August 24, 2016 No Comments

Expat Communities In Spain – Embrace or Avoid?

There are certain parts of Spain, particularly around the popular coastal resorts, that have a large expat community. These areas generally cater expansively to British tastes with regards to pubs, restaurants, shops, and social activities.

If you want to find a large expat community and spend most of your time with British people, then you will be best to look at relocating to the Mediterranean coastline, in particular the Costa Del Sol, Costa Blanca, Costa Dorada, or certain towns on the Costa Brava. Not all towns and villages on these coastlines will have large expat communities, but many towns along these coasts have plenty of activities going on for UK expats, with meetups and events for people to enjoy with others who speak the same language. The expat community in Javea actually exceeds the number of locals in the town, so if making friends with your fellow countrymen is important to you, this town is an ideal choice.


In towns like Javea there are many social events organised among expats

We must not forget the Spanish islands that also hold large expat communities; these include Majorca, Menorca and Ibiza off the Mediterranean coast, and the Canary Islands; which although a part of Spain, are actually closer to North Africa and so experience a very different climate, and a somewhat different way of life.

How One Expat Learned Spanish

What Will Your Life be Like in Spain?

The Spanish people are generally friendly and helpful to strangers, but you should not expect to make lifelong friendships with the majority of, or indeed any of the Spanish acquaintances you meet. Unless you are bilingual, you are likely to experience difficulties when it comes to conversing adequately to a level that you would with your English friends. You are far more likely to become good friends with Dutch, German or Scandinavian neighbours in your new country, as they will have similar experiences to your own and you are more likely to be able to communicate well with them.

The problem with socialising with other expats

Of course it is natural to want to be around people who speak your language and have a similar background to yourself, but the downside of staying in an area with a large expat community and socialising exclusively with other foreigners is you probably will never really get to know the locals well, and learning Spanish will take a lot longer than if you live in an area where you are forced to integrate with the Spanish.

Children and the elderly are very important to the Spanish way of life, and if you have young or elderly family members, you can expect them to receive a lot of attention and goodwill from local Spanish people – so this is a good opportunity to try to get to know the hosts in your adopted country. Otherwise, make a point of frequenting a bar or restaurant where the majority of the clientele are locals, or join a sports club or gym which is Spanish run instead of opting for the easier option of seeking out facilities that are British owned.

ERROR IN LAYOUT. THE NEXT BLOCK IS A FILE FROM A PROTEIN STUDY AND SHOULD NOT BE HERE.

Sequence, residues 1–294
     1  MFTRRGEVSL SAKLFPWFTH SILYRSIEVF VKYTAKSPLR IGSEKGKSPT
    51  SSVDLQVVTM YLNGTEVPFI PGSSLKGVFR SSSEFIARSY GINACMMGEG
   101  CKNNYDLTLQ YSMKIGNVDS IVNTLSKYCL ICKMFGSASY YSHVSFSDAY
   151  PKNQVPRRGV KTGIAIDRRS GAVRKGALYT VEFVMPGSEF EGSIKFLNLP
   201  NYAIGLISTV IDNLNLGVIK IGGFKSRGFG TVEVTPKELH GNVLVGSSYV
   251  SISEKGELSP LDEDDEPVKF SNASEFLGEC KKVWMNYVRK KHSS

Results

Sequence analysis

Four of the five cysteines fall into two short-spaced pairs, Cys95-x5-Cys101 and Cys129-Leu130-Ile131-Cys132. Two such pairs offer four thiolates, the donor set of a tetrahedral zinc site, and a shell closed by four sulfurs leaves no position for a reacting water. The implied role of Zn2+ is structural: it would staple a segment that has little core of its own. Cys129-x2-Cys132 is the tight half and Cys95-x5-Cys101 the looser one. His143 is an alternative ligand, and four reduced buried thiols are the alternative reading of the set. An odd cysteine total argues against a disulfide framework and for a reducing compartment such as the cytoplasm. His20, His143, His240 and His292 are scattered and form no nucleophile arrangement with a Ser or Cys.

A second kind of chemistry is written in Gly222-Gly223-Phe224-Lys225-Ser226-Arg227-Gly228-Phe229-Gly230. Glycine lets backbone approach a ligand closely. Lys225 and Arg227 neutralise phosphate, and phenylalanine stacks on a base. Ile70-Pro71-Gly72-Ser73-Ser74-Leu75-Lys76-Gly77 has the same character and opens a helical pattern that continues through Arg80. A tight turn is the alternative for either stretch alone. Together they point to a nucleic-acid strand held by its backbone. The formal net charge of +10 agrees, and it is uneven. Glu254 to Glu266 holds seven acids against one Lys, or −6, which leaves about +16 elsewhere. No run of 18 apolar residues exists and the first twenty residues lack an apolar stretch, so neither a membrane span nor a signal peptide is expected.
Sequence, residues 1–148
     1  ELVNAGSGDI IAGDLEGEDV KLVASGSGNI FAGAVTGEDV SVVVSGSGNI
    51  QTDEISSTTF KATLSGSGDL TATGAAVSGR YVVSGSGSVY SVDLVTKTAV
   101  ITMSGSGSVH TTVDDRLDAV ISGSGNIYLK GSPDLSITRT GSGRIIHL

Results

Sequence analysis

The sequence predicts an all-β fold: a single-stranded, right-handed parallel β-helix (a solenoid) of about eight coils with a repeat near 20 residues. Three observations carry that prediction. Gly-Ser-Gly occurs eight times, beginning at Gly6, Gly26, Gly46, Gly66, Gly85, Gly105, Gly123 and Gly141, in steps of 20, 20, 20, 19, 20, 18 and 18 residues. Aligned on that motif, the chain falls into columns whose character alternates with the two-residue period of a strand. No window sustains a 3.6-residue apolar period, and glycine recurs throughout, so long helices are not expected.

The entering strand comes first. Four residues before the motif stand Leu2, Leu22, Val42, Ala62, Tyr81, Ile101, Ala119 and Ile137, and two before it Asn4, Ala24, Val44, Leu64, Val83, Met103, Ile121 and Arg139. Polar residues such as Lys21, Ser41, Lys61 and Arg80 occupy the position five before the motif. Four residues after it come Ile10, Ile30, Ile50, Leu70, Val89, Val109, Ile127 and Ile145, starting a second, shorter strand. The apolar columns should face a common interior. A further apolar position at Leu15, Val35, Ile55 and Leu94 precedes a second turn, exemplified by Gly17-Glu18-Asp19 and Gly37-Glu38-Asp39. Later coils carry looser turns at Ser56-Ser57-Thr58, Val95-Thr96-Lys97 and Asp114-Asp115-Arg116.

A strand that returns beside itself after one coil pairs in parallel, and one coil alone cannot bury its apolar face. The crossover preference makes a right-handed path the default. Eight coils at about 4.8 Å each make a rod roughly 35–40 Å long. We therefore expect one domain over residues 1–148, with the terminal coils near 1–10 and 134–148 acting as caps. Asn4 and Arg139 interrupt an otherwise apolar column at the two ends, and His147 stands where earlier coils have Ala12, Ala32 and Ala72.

Although this will take more effort, and initially probably won’t be nearly as much fun as mixing with your fellow expats, in the long term you’ll experience many gains from your efforts; you’ll learn how to communicate much faster, and will be more tolerant and accepting of the Spanish way of life. Plus, in Spain you will find the adage “It’s not what you know, it’s who you know” to be very relevant, and getting to know the local Spanish people in your town can open a lot of doors for you as well as be extremely helpful when it comes to the endless paperwork required for just about any transaction or legal process you may engage in.

Even if you do not speak any Spanish you should not have too much trouble in Spain, with regards to the basics, particularly in the tourist areas, as most people will speak English in hotels, bars and restaurants, and the younger generation are always happy to practice their English skills. However it really is a good idea to learn Spanish, as failing to do so will make it harder for you to integrate with locals, you may have problems if you need to see a doctor, and dealing with paperwork can be difficult. The Spanish are usually very appreciative that you make an effort to learn the language – even if your early attempts are in-comprehensive!

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